22 June 1672
22 June 1672
I came last night home from the fleet, where I have spent about five days. I thank God I am well, saving some little disorder an un-easy lodging for so many nights hath given me.
At my coming back I find a very kind letter from yourself for which I am your debtor, and also for your last, wherein you take notice of some of the world’s late discourses, and your hopes nevertheless concerning me, the success whereof what ever it may be; I cannot but advise you to make this use of it, that even diligence and integrity itself is not always defence enough against censure, nor can be while envy remains in the world, and that therefore you are by all honest improvements of your time to provide against a day where possibly I in my place may not be able to help you, nor you in yours be able to help yourself.
I tell you this out of a very serious reflection upon what you may very possibly find my condition to prove; and to show you the more that I am not without apprehensions of that sort, I have laboured now within a day or two to get that from the Duke for you, which I have respited for so many years to look after, least it should fall out of my power to procure it, I mean his Royal Highness’s Commission to you for your present employment. Wherein I do both desire and charge you to behalf [= behave?] yourself so, that your own merit (if possible) may continue you in that, which the endeavour of your friends have by God’s blessing brought you into. I say not this with so much a seeming melancholy, as if I would have you lay aside your expecta-tions of good success, but to caution you against the worst effects of bad. A doctrine which I the rather press upon you from the trouble that it in some degree gives me, that I no sooner learnt it myself.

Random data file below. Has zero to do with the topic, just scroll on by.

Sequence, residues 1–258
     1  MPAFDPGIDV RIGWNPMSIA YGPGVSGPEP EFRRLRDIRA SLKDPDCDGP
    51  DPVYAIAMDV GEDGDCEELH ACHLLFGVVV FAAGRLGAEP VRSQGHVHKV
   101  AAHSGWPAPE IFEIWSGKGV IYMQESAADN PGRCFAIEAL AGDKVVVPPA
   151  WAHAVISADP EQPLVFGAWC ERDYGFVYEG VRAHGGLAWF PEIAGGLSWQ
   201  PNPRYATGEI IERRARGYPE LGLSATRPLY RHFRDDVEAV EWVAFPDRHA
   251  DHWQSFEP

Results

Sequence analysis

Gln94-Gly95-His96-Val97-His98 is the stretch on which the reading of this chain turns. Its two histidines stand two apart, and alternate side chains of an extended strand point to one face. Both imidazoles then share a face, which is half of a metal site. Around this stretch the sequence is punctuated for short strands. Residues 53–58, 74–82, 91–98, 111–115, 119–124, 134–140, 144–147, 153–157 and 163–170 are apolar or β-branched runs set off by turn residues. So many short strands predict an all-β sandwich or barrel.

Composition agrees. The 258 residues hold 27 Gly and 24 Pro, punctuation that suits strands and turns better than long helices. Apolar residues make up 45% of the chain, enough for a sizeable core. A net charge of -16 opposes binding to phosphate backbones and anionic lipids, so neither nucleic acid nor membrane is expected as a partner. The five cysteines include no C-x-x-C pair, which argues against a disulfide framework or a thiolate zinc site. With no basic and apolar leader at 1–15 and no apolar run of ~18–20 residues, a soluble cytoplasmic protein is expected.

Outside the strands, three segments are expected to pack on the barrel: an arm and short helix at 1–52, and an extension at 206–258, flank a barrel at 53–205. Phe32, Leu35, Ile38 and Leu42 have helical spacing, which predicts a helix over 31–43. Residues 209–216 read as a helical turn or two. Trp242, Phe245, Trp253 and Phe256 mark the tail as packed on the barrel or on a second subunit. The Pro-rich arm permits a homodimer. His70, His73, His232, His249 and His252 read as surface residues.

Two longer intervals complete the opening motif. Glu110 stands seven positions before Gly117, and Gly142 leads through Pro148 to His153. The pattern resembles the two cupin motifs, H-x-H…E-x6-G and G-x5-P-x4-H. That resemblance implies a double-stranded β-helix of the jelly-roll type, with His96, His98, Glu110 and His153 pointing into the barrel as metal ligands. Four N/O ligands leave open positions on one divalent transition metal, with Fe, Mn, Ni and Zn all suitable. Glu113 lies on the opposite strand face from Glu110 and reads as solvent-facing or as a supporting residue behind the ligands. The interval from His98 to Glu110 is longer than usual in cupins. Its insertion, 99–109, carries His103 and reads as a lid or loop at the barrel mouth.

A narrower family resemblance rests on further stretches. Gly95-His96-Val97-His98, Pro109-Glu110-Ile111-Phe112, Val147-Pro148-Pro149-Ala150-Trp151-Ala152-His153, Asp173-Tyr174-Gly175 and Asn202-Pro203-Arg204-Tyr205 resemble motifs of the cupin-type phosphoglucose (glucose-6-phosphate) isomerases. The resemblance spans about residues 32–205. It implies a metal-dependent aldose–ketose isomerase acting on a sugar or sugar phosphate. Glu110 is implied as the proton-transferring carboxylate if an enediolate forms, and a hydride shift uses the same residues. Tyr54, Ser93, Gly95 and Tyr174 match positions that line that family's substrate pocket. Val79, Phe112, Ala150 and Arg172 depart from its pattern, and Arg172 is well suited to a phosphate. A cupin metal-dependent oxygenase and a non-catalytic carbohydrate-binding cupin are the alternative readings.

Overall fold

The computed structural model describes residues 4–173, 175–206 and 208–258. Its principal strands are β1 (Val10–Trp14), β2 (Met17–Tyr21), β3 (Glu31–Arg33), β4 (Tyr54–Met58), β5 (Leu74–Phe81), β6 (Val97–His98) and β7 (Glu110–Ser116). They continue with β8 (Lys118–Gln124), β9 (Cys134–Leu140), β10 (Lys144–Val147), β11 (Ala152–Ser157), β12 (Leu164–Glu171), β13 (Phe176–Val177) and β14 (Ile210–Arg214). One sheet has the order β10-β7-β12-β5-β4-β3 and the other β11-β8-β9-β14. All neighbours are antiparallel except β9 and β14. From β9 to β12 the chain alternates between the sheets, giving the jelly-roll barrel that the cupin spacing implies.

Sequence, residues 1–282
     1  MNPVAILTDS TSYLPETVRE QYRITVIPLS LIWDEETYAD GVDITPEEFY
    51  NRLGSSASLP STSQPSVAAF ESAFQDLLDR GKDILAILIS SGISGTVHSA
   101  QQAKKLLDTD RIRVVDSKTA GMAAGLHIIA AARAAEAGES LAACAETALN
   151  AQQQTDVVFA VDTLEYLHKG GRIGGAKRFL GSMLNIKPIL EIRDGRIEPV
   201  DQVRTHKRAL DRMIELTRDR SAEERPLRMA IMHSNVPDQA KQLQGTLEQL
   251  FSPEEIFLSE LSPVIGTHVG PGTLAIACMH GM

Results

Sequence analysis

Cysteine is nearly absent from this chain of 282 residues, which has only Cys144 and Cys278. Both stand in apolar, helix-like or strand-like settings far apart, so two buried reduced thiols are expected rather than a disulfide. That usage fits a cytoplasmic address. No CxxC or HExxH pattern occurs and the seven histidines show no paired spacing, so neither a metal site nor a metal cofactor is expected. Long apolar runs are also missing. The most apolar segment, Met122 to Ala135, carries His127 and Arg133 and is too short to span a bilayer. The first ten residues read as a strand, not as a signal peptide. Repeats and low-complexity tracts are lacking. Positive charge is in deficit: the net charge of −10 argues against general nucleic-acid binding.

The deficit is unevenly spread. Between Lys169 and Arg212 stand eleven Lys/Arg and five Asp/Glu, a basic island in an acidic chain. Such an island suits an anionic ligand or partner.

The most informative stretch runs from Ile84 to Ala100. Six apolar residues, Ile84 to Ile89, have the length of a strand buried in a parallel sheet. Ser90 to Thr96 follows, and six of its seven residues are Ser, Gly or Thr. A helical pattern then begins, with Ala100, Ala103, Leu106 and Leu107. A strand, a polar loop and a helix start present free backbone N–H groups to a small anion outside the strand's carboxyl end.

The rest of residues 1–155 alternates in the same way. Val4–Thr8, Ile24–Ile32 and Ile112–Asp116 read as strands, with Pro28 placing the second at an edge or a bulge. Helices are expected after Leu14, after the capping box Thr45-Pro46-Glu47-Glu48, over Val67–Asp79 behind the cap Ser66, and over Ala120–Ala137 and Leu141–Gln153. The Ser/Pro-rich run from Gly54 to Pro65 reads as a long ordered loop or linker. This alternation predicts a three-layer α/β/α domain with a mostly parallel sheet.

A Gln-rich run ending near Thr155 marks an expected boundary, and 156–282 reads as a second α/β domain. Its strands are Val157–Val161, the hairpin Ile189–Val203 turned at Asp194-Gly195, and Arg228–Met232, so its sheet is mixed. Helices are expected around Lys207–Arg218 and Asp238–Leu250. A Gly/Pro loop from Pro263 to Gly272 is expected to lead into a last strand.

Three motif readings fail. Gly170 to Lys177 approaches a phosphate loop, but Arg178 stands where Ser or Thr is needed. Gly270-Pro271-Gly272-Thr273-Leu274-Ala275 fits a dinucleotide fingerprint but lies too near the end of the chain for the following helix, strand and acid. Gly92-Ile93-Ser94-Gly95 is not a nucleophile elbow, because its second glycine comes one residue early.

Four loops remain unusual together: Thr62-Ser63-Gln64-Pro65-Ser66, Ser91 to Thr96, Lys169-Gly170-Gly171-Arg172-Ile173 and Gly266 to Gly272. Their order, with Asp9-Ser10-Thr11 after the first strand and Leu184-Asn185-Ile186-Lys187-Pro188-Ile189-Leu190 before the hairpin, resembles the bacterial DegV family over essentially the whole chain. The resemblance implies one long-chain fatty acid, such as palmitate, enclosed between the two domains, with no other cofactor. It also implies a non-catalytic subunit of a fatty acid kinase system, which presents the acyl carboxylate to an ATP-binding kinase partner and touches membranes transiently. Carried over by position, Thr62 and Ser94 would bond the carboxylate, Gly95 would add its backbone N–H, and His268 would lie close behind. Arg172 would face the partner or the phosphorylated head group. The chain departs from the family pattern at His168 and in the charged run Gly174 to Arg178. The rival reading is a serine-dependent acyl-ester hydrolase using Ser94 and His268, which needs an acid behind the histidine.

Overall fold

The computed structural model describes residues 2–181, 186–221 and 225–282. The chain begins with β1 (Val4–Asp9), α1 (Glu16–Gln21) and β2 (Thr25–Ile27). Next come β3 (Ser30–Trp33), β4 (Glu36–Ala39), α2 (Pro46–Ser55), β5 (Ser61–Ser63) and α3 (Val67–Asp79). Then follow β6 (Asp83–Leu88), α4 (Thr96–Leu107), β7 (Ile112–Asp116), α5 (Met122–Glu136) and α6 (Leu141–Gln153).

So with my blessing to my Godson and love and service to all. I remain
Your very affectionate brother and servant
The Third Dutch War started in March 1672. Thanks to the secret provisions of the Treaty of Dover, Charles II was obliged to help Louis XIV against Holland. The English and French navies fought the Dutch at Sole Bay on 28 May 1672. The engagement was inconclusive and involved some unfortunate losses. The French lost Rear-Admiral des Rabesnières-Treillebois, who was buried at Rochester on 4 June. John Evelyn was one of the pall-bearers and helped organize the ceremony. He was once again serving as a Commissioner for Sick and Wounded Seamen and Prisoners of War in Kent and in regular correspondence with Pepys. The death of the Earl of Sandwich in the battle was also a personal tragedy for Pepys and John Evelyn who called him a ‘a true noble man”.
The Duke of York’s secretary, Matthew Wren, was wounded in the battle. There seems to have been some hope that Pepys would succeed him in the post. Pepys wrote to Balthazar St Michel who had clearly expressed his “hopes” for Pepys, probably for this promotion. In fact Pepys was never offered the job, and here he warns his brother-in-law not to rely too much on what he can do for him. Balthazar’s present employment was still as muster-master at Deal.